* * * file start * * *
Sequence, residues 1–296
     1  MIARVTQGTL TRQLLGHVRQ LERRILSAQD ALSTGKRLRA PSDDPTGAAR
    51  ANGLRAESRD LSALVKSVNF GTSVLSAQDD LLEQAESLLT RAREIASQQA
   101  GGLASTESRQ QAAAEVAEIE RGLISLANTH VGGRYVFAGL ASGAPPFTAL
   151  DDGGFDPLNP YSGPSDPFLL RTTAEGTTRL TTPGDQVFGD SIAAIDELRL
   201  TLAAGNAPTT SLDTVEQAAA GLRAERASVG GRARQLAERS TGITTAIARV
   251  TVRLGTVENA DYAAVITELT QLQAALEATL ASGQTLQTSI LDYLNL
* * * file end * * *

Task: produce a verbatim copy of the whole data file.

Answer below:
Sequence, residues 1–296
     1  MIARVTQGTL TRQLLGHVRQ LERRILSAQD ALSTGKRLRA PSDDPTGAAR
    51  ANGLRAESRD LSALVKSVNF GTSVLSAQDD LLEQAESLLT RAREIASQQA
   101  GGLASTESRQ QAAAEVAEIE RGLISLANTH VGGRYVFAGL ASGAPPFTAL
   151  DDGGFDPLNP YSGPSDPFLL RTTAEGTTRL TTPGDQVFGD SIAAIDELRL
   201  TLAAGNAPTT SLDTVEQAAA GLRAERASVG GRARQLAERS TGITTAIARV
   251  TVRLGTVENA DYAAVITELT QLQAALEATL ASGQTLQTSI LDYLNL